clock menu more-arrow no yes

Filed under:

Joe Gibbs Do Not Leave Me

In his most recent column "Unhappy Ending", Peter King bloviates on the possibility that two NFC East coaching greats might be on their way towards happier trails. The subjects? Joe Gibbs and Bill Parcells.

Quick question Pete:

Sad stat of the year: These two coaching giants are a combined 46-47 in their NFC East Comeback Tour in regular-season games, 1-1 in the playoffs.

It is my understanding that the Cowboys lost to Carolina in the first round of the playoffs in 2003, Parcells' first year. That makes Parcells 0-1. It is my understanding that Gibbs beat Tampa Bay and lost to Seattle last year, making him 1-1 in the post season. 0-1 + 1-1 = 1-2. Right, readers?

Not important, moving on. He gets all the important things correct: Parcells and Gibbs are both long in the tooth (65 years old each), have had less than impressive returns to NFL (the aforementioned 46-47 regular season record), and both are struggling this year, though Gibbs significantly more so.

I don't have any magic Brain Reading device to reach into the souls of these men and nor does Peter King. I don't want to speculate as to whether Gibbs will throw in the towel for 2007 because I just don't know.

But I know what I want and that is for Joe Gibbs to remain a Redskin, at least through 2007. Here is why:

1) Nostalgia. Let me qualify that. It is not merely nostalgia but the belief, given what Hall of Fame Gibbs has done in the past, that future success is imminent. Although success this season slips further away with each passing week, I have to believe that Gibbs is a good enough coach to turn things around, if only because he's done so in the past. After losing his first 5 games as Coach of the Redskins, Gibbs would finish 8-8 in '81 and win the Superbowl in '82. They would take home an NFC Championship the following year.

2) What he's done thus far. Joe Gibbs inherited a 5 win team with heaps of problems. Admittedly our 6 wins the following year shouldn't be considered a big turnaround, but he took stock of the team and made the necessary changes to get us 10 wins. Swapping Coles for Santana Moss could very well become the trade of the century, and Gibbs should be credited with that.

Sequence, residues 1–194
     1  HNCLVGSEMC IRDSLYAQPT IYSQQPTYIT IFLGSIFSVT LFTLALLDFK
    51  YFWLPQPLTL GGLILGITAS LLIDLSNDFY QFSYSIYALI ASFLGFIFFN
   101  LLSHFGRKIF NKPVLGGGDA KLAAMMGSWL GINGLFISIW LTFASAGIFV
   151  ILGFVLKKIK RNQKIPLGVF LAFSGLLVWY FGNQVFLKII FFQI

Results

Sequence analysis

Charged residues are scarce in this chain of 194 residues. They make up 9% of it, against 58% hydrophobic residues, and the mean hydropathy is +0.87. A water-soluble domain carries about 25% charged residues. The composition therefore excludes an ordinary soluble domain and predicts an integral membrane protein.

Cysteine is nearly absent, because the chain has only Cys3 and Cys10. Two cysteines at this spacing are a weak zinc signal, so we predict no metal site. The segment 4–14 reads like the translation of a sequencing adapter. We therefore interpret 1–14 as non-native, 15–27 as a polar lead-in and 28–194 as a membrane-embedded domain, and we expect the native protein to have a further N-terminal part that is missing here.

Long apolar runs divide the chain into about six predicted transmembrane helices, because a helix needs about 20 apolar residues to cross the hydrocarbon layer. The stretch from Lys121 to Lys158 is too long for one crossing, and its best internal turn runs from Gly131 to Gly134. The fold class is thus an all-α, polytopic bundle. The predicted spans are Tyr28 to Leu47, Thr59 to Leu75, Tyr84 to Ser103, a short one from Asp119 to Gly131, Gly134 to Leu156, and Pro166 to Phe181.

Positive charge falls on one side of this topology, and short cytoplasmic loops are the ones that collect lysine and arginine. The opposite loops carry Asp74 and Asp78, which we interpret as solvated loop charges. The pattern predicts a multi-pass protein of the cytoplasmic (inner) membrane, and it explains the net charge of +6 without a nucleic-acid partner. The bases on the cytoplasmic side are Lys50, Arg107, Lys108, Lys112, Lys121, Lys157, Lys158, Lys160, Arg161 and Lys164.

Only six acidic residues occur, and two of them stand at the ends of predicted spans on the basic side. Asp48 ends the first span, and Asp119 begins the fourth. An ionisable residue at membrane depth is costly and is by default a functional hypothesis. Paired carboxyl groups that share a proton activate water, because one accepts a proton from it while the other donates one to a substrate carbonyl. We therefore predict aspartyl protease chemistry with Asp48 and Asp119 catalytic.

3) Betting against the future. Thus far this year I've seen nothing in either Gregg Williams or Al Saunders to instill great confidence in their ability to head coach this team. I know that Gibbs is, essentially, a quality control guy on the sideline, but at least he has proven success as a head coach. Neither of his assistants have excelled in that capacity and I'd just as soon keep Gibbs around. If not Saunders and Williams then who knows where Snyder will go for a head coach.

4) Joe Gibbs is the only person who can earn any continuity as a Coach in this city. Joe Gibbs is a Redskin icon and, as such, is much more immune from Snyder's tendency to freak out and switch coaches (like Marty Schottenheimer) prematurely. One of the main things lacking in the Snyder Era is coaching continuity; as Brandon at Curly R pointed out, Snyder has gone through 4 coaches in his 7 years of ownership. This affects team chemistry (moreso than we already do by changing our entire lineup once every few years) which goes a long ways towards achieving and sustaining long term success.

The second Joe Gibbs experiment has unquestionably been a disappointment, especially considering the unrealistic expectations Redskins fans had with the great return of St. Joe. Regardless, I hope that Peter King is wrong and will continue to support Joe through thick and thin up until that moment where he decides that coaching isn't for him anymore. I still haven't reached that point where enough is enough, and Joe Gibbs has done enough for the Redskins in his lifetime where it's likely I never will.

This is not to say that I will refrain from questioning his coaching decisions. Pssst, Jason Campbell.